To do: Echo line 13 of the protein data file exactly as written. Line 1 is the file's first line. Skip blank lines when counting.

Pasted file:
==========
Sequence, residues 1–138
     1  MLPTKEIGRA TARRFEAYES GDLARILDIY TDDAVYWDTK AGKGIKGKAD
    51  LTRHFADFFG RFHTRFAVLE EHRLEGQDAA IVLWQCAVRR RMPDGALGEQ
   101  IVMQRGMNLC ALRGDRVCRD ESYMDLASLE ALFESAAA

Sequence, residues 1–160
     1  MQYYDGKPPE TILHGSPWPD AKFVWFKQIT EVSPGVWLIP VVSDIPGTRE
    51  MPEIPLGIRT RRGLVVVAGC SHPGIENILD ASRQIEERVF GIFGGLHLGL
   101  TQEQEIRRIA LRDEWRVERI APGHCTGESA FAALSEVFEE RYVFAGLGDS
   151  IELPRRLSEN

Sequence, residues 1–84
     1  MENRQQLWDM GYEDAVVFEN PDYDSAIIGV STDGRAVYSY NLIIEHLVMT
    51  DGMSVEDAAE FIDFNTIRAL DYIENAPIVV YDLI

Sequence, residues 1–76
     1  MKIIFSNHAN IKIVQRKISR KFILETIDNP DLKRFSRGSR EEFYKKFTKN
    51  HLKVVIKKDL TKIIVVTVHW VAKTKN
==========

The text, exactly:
Sequence, residues 1–76